Those who live along the water in Newburyport, Massachusetts, are used to two things, stunning views, and the chance for severe storm surge whenever there is a powerful storm.
"It breached two years ago, and it breached again this year, real bad, went all the way up my street," longtime resident George Bossi said Wednesday.
As a storm made its way to the area, crews filled hundreds of 700-pound bags of sand, then placed them on the beach hoping to create a barrier.
The plan: to put 300 to 350 of the heavy sack bags along the beach as a temporary solution.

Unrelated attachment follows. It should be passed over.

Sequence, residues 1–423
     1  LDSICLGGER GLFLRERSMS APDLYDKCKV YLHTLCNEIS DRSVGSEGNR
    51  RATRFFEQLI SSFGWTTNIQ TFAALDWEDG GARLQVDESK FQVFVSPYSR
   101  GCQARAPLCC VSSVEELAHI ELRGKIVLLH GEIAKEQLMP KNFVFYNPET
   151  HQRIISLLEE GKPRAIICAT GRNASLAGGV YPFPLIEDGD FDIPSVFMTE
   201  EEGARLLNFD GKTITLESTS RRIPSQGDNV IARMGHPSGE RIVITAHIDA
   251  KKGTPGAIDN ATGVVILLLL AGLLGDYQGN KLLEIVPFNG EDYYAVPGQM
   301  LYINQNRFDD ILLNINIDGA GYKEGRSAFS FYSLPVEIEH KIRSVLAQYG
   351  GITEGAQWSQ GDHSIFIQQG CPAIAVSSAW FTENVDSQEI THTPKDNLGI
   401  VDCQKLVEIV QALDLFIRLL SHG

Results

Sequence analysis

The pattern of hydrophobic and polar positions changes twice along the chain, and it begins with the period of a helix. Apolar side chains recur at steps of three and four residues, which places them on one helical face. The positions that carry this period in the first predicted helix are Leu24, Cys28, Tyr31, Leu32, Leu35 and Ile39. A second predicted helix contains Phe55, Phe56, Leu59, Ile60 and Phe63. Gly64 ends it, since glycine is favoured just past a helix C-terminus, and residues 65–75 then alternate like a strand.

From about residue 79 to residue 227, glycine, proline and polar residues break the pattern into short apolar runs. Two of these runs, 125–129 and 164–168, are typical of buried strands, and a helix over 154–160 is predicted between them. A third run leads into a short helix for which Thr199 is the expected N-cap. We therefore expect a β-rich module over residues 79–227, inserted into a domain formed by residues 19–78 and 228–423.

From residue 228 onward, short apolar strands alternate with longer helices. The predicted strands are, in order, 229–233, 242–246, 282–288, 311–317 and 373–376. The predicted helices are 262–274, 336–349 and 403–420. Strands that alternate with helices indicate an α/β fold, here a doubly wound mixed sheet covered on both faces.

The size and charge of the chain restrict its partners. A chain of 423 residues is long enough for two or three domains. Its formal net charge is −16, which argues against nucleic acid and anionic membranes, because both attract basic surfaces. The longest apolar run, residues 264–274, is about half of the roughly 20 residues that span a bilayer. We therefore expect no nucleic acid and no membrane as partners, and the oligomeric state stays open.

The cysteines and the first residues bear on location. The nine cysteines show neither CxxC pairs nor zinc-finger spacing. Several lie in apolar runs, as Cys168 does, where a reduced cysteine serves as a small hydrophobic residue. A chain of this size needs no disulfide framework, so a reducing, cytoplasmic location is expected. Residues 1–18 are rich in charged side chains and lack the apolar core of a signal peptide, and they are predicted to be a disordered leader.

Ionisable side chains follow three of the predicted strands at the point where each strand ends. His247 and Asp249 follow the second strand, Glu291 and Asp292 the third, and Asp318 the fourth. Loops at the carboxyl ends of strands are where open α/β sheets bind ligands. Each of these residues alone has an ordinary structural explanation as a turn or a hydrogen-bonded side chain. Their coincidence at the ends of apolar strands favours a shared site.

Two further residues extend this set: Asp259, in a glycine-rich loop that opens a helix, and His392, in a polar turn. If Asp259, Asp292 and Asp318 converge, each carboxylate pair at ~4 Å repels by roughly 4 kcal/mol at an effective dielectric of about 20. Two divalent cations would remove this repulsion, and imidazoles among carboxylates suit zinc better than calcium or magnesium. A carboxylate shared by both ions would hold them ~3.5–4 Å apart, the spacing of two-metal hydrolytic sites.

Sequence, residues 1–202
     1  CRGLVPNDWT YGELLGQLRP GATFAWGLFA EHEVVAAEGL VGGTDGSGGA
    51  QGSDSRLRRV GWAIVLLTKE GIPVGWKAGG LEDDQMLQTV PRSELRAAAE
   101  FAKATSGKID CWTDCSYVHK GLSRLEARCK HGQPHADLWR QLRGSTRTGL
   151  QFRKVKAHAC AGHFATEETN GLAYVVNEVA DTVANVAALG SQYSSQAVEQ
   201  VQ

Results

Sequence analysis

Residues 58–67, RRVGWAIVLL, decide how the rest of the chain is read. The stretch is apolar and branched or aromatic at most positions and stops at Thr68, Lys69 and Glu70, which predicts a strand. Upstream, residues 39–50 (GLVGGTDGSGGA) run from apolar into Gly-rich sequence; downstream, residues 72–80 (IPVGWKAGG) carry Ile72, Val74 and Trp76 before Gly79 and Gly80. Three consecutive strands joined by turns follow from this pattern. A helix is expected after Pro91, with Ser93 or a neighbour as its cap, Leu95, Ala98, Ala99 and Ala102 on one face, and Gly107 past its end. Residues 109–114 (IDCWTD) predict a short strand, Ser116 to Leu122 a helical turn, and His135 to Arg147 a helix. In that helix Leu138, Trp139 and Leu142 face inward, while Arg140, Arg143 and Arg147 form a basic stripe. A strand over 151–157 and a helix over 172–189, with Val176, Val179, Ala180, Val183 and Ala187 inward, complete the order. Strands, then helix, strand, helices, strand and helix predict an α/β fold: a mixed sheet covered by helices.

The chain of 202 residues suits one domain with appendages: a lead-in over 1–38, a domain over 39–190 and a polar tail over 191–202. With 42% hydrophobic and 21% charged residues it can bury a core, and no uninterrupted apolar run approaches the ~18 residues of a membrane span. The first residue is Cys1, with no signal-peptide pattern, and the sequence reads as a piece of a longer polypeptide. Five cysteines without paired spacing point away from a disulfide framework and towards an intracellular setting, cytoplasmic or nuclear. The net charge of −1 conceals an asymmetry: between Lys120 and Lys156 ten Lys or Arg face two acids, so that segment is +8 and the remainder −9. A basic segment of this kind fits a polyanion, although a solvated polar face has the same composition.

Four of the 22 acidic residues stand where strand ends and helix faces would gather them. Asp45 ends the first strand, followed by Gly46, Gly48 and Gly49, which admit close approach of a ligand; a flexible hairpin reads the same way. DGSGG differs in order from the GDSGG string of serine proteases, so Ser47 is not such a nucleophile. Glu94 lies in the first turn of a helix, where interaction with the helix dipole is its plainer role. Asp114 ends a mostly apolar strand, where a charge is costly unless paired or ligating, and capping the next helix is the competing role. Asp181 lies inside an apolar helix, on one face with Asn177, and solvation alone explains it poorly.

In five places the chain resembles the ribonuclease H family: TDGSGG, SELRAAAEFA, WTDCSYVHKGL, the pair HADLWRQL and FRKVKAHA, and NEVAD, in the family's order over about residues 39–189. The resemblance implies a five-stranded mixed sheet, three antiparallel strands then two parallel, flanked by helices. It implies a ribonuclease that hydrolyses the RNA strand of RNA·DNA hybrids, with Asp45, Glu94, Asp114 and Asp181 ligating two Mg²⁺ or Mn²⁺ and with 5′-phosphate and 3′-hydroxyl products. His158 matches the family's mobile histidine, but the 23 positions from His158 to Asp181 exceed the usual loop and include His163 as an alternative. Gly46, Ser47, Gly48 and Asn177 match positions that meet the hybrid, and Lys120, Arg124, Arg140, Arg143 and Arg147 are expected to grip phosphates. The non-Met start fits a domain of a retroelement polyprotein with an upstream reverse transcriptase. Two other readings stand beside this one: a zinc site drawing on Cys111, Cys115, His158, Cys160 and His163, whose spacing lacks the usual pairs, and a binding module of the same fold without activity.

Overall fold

Crews were working fast, trying to stay ahead of changing tides and fast-approaching storm.
"Desperate, desperate, it is desperate because even two weeks ago, with the hurricane much further south we had two high tide cycles that overtopped," Newburyport Mayor Donna Holaday said.
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The hope is that the sandbags will last until a more permanent solution can be built.
"It is new, it is a new approach, but we are hoping they will last until the Merrimack River is dredged," the mayor said.
For those who live around here, anything that can keep the past from repeating itself is worth a try.
"Call it climate change, I don't know what you can call it," Bossi said. "I think it is going to help, How long? I can't tell you."